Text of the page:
Sometimes anxiety turns to panic, and panic attacks are terrifying. I have not had a panic attack but have talked to many people who have. The one commonality in people who have experienced a panic attack is they never want it to happen again. I remember cleaning out my mother's dresser after she died. She had a bottle of Xanax with 1 pill remaining. The prescription was years old and I'm certain the medication had long expired. But she had at one time experienced a panic attack, and like many people, saved that last pill just in case.
Most episodes of panic occur during periods of stress. Typically, it is ongoing stressors that have been occurring for months and the panic attack is the proverbial "straw that broke the camel's back". It is important to recognize that panic attacks are the result of cumulative stress rather than the result of what you happen to be doing at the moment. I have seen panic attacks lead phobias when someone makes an association between what they are doing and the episode of panic. For example, I live near a 25 mile bridge and when you get on the bridge you have plenty of time to allow your mind to wander. It is easy to get lost in thought and some of the subconscious thoughts that drift through your mind are stressful. When a panic attacks occurs as a result of a subconscious thought while you are driving on a bridge, most people will blame the bridge for the panic attack. A single panic attack on a bridge often leads to a bridge phobia. And this is really problematic if you live in New Orleans where you can't really avoid bridges. More importantly it is problematic because you begin to focus on your fear of bridges rather than the stress that is causing the panic attack in the first place.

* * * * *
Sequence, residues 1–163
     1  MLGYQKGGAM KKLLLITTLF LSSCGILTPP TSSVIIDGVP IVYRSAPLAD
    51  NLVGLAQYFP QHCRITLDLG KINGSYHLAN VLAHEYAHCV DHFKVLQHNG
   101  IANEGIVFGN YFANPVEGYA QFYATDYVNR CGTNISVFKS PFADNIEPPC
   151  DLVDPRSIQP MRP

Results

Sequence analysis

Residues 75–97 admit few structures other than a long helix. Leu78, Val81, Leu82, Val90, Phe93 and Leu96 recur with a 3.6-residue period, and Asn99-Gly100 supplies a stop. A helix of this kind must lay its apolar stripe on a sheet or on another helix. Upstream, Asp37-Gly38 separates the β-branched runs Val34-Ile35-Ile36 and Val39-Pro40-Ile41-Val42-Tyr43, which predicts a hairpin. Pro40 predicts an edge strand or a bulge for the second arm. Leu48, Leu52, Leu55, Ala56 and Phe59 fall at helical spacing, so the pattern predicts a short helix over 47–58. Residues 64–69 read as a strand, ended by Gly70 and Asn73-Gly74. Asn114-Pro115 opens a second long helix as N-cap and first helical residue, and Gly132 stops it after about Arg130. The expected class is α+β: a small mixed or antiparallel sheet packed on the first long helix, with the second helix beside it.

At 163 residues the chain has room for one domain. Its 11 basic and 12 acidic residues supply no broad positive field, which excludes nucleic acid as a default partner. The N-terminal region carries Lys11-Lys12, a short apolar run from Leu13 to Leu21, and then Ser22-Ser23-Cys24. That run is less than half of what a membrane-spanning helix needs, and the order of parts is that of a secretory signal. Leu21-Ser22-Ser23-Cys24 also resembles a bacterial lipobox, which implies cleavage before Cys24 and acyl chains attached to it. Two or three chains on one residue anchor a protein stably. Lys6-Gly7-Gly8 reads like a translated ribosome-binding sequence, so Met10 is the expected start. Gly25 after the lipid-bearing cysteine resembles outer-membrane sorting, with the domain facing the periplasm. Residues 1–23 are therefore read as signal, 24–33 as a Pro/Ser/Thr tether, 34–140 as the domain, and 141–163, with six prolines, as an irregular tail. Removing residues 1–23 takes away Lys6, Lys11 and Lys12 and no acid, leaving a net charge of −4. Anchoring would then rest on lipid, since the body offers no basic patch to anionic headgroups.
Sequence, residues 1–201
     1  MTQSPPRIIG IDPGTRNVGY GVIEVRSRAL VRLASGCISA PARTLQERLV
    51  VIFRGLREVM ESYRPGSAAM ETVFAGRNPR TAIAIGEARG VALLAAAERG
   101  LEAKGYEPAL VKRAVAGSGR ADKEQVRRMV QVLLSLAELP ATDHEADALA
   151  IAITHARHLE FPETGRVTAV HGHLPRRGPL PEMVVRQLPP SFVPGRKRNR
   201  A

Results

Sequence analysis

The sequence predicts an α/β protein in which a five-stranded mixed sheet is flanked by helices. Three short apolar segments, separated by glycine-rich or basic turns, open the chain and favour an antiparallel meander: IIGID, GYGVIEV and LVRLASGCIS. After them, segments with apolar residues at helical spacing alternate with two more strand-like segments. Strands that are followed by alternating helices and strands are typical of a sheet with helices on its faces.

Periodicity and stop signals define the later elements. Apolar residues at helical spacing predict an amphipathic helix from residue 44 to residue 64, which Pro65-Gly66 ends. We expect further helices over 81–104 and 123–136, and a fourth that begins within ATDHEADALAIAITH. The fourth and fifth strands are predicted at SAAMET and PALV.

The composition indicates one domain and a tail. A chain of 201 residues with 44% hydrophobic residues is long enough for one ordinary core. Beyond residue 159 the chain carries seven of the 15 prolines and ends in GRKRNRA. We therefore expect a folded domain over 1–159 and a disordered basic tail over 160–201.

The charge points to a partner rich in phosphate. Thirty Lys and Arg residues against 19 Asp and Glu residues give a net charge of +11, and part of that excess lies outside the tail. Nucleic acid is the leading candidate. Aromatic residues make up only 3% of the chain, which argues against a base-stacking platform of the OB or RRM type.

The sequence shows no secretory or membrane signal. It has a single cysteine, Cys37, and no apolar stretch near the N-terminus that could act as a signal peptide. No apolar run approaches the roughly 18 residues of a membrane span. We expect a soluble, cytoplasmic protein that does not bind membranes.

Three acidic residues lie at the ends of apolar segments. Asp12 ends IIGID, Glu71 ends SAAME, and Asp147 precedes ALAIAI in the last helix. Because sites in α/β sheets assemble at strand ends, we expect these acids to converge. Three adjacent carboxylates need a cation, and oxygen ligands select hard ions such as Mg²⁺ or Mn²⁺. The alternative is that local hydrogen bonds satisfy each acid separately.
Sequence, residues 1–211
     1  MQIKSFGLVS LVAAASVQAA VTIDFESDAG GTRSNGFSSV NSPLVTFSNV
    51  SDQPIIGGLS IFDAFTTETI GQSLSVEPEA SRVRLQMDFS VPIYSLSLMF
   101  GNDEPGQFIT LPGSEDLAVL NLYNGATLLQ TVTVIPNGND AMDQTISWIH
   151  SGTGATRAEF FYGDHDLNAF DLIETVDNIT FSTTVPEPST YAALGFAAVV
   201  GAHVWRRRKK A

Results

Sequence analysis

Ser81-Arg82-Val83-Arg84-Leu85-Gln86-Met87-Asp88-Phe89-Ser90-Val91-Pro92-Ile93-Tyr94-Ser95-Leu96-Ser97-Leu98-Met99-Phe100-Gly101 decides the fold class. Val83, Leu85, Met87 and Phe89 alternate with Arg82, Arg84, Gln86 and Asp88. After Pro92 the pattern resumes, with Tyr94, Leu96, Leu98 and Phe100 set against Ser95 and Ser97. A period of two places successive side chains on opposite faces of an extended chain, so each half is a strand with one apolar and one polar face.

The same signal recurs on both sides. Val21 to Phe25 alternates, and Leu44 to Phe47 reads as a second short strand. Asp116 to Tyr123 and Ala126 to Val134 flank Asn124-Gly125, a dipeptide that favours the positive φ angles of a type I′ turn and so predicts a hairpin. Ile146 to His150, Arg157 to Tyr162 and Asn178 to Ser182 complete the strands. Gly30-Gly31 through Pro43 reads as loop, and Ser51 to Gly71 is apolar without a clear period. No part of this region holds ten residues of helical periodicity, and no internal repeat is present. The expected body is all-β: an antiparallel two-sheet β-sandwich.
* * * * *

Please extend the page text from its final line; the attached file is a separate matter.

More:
If you have had a panic attack it is important to look at the event in the context of ongoing stress. One of my mentors advised me to look for "estrangement in relationships" of any person who has recently experienced a panic attack. By estrangement, she meant any distance or change in connection. This could be a in mother/daughter relationship where the daughter was getting married or going off to college. It could be in a marital relationship where there was infidelity. And often times the estrangement is outside the person's conscious awareness. So a woman may be experiencing panic attacks because her husband is contemplating divorce even though she is not consciously aware he is thinking about divorce.
When you are having a panic attack, the first thing you need to do it get through the experience. There are many techniques you can employ to help get you through. See the links below for specific techniques.
Once you are out of the woods, you need to take a deep dive into the ongoing stress. Although medication can manage panic attacks, only you make the necessary lifestyle changes that will reduce the level of stress in your life. The body doesn't lie. If you are having panic attacks, you are under stress and need to make some changes in your life. If you are unaware of what is the source of stress, take notice of your thoughts. If you are unaware of any stress thoughts, psychotherapy can be helpful in helping you identify the underlying cause.